'It's just a group of people who need to get out of their own way'
Behyad Jafari, CEO of Australia's EV Council, has lamented the partisan nature of the electric vehicle conversation Down Under, and called for Federal Government support to kickstart the market.
Speaking with CarAdvice this week, Jafari said international investors are "stumped" when they realise Australia hasn't taken proper action on electric vehicles, and argued the issue "isn't really contentious anywhere else".
"When we look at electric vehicles right around the world, they're being supported by governments because they provide societal and economy-wide benefits," he said.
Jafari said the Federal Government has shown an interest in driving electric vehicle growth, but the process of getting things done is a bit like riding a "rollercoaster".
"Reality is, the issue we're talking about... requires a level of ambition, and requires people who will push the issue forward and get the work done, and that just seems to be something that – unfortunately with this issue – the Government starts walking and then falls over and then stops altogether," Jafari explained.
"That's usually because of some internal fighting about the issue, right. We saw this happen earlier this year, when the Government said 'electric vehicles are great, they're gonna be the future' and people from their own side attacked them for it."
"That's what keeps stumbling them over... It's just a group of people who need to get out of their own way, and also it is a big transition. We're not talking about anything small. We're talking about a pretty large technological transition that'll drive our roads and transport systems for centuries to come," he added.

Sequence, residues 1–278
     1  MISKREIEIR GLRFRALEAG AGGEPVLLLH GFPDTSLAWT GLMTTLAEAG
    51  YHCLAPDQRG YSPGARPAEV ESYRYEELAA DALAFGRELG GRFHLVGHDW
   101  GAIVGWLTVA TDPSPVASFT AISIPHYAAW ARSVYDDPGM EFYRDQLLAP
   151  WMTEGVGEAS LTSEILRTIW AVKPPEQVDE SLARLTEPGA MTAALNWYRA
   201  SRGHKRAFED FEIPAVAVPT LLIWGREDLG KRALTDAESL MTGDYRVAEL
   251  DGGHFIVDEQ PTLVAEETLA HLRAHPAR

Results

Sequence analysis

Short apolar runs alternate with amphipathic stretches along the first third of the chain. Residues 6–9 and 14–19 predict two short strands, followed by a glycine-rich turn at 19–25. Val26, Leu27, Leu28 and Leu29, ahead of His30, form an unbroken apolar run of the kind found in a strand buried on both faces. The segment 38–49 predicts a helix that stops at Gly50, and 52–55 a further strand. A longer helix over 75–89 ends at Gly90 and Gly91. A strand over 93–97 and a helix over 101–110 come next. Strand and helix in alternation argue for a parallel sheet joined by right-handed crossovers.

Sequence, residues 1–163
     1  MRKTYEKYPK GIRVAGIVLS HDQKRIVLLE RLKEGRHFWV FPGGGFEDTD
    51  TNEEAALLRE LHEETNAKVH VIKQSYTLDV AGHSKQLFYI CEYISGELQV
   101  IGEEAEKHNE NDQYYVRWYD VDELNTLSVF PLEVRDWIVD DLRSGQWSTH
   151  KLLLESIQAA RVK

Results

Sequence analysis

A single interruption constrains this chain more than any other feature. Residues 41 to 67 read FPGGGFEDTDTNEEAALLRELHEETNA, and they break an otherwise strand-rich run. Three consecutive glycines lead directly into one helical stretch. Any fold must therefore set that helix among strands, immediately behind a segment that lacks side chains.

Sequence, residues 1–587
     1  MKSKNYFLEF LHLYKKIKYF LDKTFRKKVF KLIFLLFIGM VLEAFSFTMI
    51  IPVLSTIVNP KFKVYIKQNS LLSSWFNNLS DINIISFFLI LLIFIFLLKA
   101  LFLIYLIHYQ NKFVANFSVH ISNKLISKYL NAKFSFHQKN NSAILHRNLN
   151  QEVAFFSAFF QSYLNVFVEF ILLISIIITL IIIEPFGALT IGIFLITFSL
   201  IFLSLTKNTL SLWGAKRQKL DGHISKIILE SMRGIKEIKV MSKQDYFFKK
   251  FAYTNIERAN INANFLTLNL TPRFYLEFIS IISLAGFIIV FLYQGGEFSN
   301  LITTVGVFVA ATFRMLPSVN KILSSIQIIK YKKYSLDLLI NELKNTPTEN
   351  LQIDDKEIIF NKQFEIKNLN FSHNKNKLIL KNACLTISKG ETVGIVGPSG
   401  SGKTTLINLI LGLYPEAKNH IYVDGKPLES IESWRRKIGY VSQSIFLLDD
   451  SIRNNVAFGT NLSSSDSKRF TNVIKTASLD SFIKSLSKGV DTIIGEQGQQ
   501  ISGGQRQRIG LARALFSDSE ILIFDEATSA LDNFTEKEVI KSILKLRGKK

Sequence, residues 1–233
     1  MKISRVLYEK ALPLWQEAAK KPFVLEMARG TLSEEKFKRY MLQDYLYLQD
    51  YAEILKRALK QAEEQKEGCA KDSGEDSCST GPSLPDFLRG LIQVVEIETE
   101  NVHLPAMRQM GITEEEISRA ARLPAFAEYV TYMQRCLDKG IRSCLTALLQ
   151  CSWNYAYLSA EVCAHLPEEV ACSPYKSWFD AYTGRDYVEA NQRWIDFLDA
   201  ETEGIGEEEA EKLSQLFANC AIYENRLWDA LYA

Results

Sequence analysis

Josh Frydenberg, Federal Minister for Energy and the Environment, used an opinion piece published in Fairfax papers this January to declare "the electric car revolution is nigh". We contacted the minister for further comments, but didn't receive a response in time to publish. We'll update the story if he does get back.
"Australian surveys show that about half the people in the market for a new car are prepared to consider purchasing an electric vehicle with many investigating it," Frydenberg wrote.
"But what holds them back are issues relating to price, range and infrastructure. But on each count, there are good things happening, with more to come," referencing the upcoming onslaught of lower-cost electric vehicles, and the fact ex-government and fleet electric vehicles will soon be hitting the second hand market.
More is required in the eyes of the EV Council, with Jafari calling for "that leadership, that ambition, and the people who are willing to do the sustained work in government" required to make electric vehicles more accessible.
As for what that leadership might look like, and what support is required, greater incentives for buyers are right at the top of the list.
"The most impactful way to do [support] is by incentivising people purchasing a new car to an electric alternative" Jafari argued.
"What that really does is, most directly, it obviously gives a cost incentive to the consumer, but much more importantly, it sends a signal to the marketplace to say that we are getting ready to support electrification, and we're going on the same journey the rest of the world has been on for seven or eight years now."